The Lost Supreme: The Life of Dreamgirl Florence Ballard
By Peter Benjaminson Lawrence
Hill Books, 212 pp., $24.95
When most people think of Florence Ballard - if people bother to think of her at all - she is usually categorized and dismissed as yet another terse cautionary tale about drugs, alcohol, and the toxicity of the music industry.
A member of the legendary Supremes, who more than 40 years after their chart-topping heyday remain the gold standard for all "girl groups," Ballard was barely out of her teens when she became an international star alongside childhood pals Mary Wilson and Diana Ross. Within three years, she was fired from the group, and at age 32, Ballard was dead.
Those are the headlines that, though accurate, undermine Ballard in death just as much as she was overshadowed during her brief life. Both the play and film "Dreamgirls," very loosely based on the rise of the Supremes, feature a Ballard-like character in Effie White, the big-voiced lead singer first shunted to the background, then exiled from the group. Effie ultimately gets a happy ending of sorts; for Ballard, there was only an overwhelming sense of potential wasted and a life interrupted.
What Ballard has instead received, especially in recent years, is a series of biographies, the latest of which is Peter Benjaminson's "The Lost Supreme." A former reporter in Ballard's hometown, Benjaminson was working for the Detroit Free Press in 1975 when he heard from an editor that Ballard was on welfare. He drove to her home and spoke with the singer, who was polite, but reticent to discuss her financial difficulties.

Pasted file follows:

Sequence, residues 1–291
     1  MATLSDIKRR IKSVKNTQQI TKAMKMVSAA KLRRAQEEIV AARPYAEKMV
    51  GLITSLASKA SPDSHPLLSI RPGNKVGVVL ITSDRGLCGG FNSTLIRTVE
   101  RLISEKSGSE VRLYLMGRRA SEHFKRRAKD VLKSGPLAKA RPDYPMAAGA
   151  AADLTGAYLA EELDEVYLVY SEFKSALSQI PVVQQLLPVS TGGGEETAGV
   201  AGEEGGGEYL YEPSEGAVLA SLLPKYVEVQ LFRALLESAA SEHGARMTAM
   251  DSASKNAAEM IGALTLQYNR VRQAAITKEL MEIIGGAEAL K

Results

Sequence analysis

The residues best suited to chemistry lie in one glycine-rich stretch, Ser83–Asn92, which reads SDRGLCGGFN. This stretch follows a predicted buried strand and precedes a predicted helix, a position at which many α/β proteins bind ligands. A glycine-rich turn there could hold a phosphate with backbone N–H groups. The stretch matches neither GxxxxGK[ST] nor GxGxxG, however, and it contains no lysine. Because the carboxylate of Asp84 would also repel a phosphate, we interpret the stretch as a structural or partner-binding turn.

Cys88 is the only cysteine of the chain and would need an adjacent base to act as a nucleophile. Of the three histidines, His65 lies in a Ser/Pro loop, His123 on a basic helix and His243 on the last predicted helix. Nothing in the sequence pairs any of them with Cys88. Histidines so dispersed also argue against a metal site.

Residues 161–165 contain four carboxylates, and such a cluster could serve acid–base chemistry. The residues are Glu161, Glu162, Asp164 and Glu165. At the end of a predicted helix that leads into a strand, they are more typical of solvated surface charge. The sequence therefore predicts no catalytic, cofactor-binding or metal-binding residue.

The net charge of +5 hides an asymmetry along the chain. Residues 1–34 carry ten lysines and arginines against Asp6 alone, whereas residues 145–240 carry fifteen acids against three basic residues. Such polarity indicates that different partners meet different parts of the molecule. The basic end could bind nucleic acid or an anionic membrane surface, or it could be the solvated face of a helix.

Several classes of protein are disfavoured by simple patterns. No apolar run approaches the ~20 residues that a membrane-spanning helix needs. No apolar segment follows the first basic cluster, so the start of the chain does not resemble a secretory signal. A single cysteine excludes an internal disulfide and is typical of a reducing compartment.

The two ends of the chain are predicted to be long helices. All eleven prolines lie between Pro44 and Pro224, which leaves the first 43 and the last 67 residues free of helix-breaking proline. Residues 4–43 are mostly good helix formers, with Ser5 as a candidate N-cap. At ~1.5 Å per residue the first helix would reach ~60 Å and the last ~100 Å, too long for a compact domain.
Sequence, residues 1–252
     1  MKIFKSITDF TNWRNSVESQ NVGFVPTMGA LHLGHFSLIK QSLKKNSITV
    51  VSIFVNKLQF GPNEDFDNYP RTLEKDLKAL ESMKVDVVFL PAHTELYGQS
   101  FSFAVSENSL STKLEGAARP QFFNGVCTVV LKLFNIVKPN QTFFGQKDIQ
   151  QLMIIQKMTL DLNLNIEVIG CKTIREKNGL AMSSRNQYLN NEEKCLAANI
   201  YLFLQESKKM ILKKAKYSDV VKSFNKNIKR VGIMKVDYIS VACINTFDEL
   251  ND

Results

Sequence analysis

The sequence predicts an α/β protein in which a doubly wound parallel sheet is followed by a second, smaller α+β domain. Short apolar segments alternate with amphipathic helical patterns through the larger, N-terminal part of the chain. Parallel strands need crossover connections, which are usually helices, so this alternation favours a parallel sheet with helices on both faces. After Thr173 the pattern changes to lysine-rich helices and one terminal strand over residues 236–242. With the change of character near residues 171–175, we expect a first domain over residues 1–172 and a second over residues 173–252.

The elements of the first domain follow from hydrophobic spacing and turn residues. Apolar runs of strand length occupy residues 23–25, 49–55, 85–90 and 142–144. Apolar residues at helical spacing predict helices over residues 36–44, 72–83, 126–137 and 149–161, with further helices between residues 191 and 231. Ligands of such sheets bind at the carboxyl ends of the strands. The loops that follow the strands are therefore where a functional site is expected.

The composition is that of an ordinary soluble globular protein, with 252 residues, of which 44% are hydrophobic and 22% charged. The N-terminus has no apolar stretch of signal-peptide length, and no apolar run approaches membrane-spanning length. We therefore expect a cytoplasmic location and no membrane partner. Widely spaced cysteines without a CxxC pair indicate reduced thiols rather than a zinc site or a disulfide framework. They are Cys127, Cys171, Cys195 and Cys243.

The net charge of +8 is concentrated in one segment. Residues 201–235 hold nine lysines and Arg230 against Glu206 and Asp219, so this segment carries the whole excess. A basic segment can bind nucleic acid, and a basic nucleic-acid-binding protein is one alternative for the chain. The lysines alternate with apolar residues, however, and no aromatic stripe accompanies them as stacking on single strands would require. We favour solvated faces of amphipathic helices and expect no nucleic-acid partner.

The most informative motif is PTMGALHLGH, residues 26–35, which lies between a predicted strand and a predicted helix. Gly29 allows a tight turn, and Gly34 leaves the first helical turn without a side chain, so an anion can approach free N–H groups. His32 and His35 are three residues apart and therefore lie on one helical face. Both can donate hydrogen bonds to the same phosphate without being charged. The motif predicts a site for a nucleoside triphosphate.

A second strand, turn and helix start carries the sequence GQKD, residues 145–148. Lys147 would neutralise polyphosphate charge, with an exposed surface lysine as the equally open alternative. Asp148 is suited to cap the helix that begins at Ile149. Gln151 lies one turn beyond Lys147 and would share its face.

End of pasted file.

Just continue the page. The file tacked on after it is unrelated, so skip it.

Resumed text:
Benjaminson's subsequent story received attention worldwide, and Ballard was so surprised by the genuine sympathy and compassion she received, she invited the young reporter back for several interviews.
"Flo was more statuesque than heavy, with clear skin and a ready laugh," recalls Benjaminson, who says Ballard "spoke in a low, pleasant but somewhat depressed drawl about the ups and downs of her life."
Over a series of evenings and weekends, Ballard met with Benjaminson, always serving him Kool-Aid as well as stories filled with the glitter and heartache of her Motown years.
Written as much with a reporter's dry eye for facts as a fan's reverence, much of what Benjaminson discusses here may already be familiar to even casual music fans - Ballard (who founded and named the group), Wilson, and Ross meeting in Detroit's Brewster Projects, the public housing complex where they lived; the early failures and hunger for success; their emergence as stars and icons with a string of indelible hit songs such as "Where Did Our Love Go," "Stop! In the Name of Love," and "Back in My Arms Again."
Unsurprisingly, Motown Records founder Berry Gordy is portrayed as duplicitous and dictatorial, while Ross comes off as a pathologically ambitious woman who would stop at nothing to achieve the success she not only desired, but believed she deserved. (Her long-term affair with Gordy, with whom she had a daughter, certainly didn't hurt her crusade.) The fact that Ballard had the more dynamic voice - Marvin Gaye called Ballard "a hell of a singer" - only made Ross more determined to undercut Ballard as often as possible, even referring to her onstage as "the fat one," which the curvy Ballard was not.
Other than the background "baby-babys" and "oohs" that became part of the Supremes' signature sound, Ballard's voice was never prominently featured on the group's hits. Yet in "The Lost Supreme," we finally hear Ballard. This book is largely based on more than eight hours of taped interviews Benjaminson conducted with Ballard in 1975, the year before her death from heart disease and hypertension.
This perhaps gives the book more resonance than others written about Ballard. Dead for more than 30 years, Ballard finally gets to have her say, and while her memories are subjective, she manages to tell her story with more dignity than rancor. And while that isn't as glorious as being the lead singer for one of the most successful groups in pop music history, it shows more respect for Ballard than she was afforded during her meteoric but aborted career.
Renee Graham is a freelance writer.